Our life with low resolution cameras

More than six weeks have passed since our last update. It is not only a sign for entering a normal life, but also a sign of how quickly you seem to have settled in a new place.  The question of “What defines home?” has been with me the last few months, and I am sure I got a little bit closer answering that one question since I arrived.

After the first weeks, you try to get to know everything as intensely as possible. Trip to go and see that, then next day this, and some when you kind of think you saw it all. You set up your world the way you like it and you chose the routines you like. Buying groceries there, because you like the colors in that one store and it has a bus stop in front, getting your hair cut at that one place you don’t understand anyone but still like going because it only costs 10 bucks, choosing stairs over escalators because there is always one person not in the mood accepting the unwritten law of walking on the escalators if you are on the right side. The list of example goes on, far beyond escalators and hair. You try and try and try, but only until you found an acceptable solution. Then you go with it, but why?

Similar with friends. Same way back in the day in kindergarten: if that one kid kicked you on your first day, forget you will ever go and try to play with him. Then imagine you have a best friend and you would like to invite two other best-friends over to play. Who should it be?

Some people call it growing up, others call it setting up your new life. Every moment your fragile routine gets a hit because the hairdresser closed due to illegal tax frauds, your grocery store changed the colors on the wall or someone you like is moving away. At each and every one of these moments you would like to shout “NOOOOOO!” and sink down on your knees in the middle of the streets, scaring the birds away in the nearest tree. You are starting to miss the things which are not on Facebook, not on your hard disc, email or photo album: Stepping into the kitchen of your parents house, with your Mum working hard to get a perfect meal ready and your Dad and brothers who can’t wait to eat that perfect meal as much as you; playing a meaningless game on Xbox with a friend which is not about winning, but rather about spending time together; walking into the changing room of your hockey team before an important game and being so pumped that nothing else matters; and most importantly, walking into the Stadtkafi in Sursee on a Friday evening, where best friends are waiting to enjoy life and help to write another chapter of our old town. That’s what I came up with as a definition of “home” until now and I miss it. I miss it a lot. “A rolling stone gathers no moss” is my favorite metaphor helping me to understand that the pain to keep the stone rolling is not for nothing. Only a rolling stone will make it home some when.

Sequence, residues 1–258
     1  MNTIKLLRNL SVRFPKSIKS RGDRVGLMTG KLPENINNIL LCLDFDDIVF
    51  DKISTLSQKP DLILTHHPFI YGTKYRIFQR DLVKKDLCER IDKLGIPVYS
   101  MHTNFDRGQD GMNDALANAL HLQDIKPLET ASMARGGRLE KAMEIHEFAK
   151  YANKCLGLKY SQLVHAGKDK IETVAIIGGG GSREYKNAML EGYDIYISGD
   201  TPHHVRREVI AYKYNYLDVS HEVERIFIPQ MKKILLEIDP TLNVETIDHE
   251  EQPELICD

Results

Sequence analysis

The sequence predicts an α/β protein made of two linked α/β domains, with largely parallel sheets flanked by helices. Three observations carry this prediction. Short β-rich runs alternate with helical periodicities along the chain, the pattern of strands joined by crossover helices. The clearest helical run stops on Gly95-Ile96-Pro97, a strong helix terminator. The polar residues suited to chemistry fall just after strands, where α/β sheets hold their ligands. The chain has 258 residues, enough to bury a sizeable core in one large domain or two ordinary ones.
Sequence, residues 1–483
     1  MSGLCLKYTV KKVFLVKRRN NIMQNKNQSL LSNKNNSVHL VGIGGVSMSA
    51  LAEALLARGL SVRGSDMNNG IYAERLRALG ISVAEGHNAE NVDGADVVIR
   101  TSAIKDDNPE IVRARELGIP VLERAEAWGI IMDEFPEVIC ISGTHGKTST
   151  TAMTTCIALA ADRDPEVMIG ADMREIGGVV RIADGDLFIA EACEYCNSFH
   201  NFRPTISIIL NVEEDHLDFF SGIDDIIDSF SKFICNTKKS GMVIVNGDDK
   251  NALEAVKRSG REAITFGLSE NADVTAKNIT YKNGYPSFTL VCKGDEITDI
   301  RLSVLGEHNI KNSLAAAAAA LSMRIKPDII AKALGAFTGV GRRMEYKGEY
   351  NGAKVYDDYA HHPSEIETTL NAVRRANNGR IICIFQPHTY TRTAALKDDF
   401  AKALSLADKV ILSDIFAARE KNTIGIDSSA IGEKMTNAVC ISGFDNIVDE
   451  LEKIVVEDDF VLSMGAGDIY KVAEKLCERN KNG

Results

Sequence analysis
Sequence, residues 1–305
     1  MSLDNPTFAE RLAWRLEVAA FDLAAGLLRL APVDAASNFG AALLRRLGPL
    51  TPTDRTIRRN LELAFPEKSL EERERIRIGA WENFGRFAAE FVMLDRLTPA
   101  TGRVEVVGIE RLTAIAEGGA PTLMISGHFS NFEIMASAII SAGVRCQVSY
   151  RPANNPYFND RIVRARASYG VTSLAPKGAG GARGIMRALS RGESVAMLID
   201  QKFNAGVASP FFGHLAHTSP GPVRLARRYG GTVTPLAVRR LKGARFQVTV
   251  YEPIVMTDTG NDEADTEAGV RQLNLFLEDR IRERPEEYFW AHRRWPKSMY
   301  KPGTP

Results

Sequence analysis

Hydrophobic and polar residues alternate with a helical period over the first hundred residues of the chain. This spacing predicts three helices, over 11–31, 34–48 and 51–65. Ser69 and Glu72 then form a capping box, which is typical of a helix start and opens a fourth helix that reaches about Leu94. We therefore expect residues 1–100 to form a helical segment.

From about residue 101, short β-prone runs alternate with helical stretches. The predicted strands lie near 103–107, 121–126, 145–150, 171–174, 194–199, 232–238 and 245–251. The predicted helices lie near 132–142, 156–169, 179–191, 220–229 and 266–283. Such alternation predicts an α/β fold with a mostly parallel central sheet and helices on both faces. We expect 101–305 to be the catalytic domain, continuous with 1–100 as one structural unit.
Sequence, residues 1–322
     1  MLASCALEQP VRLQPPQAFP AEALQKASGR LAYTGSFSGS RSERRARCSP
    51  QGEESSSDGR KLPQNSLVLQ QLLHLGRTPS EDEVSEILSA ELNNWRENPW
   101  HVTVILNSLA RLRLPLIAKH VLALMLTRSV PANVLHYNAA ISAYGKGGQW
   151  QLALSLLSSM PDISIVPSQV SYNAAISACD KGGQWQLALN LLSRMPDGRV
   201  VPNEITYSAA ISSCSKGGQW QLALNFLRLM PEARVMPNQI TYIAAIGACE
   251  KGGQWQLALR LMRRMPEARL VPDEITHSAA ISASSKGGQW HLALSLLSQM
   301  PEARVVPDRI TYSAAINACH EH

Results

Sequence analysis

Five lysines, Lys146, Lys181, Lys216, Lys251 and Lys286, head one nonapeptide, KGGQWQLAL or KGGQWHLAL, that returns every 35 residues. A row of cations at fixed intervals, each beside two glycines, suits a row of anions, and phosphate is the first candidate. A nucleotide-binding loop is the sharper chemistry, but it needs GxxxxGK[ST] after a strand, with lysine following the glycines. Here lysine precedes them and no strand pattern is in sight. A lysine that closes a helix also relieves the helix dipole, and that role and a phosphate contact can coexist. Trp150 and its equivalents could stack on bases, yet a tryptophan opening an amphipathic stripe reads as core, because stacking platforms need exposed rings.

Life keeps on going on anyway, so here are a few moments of our last weeks.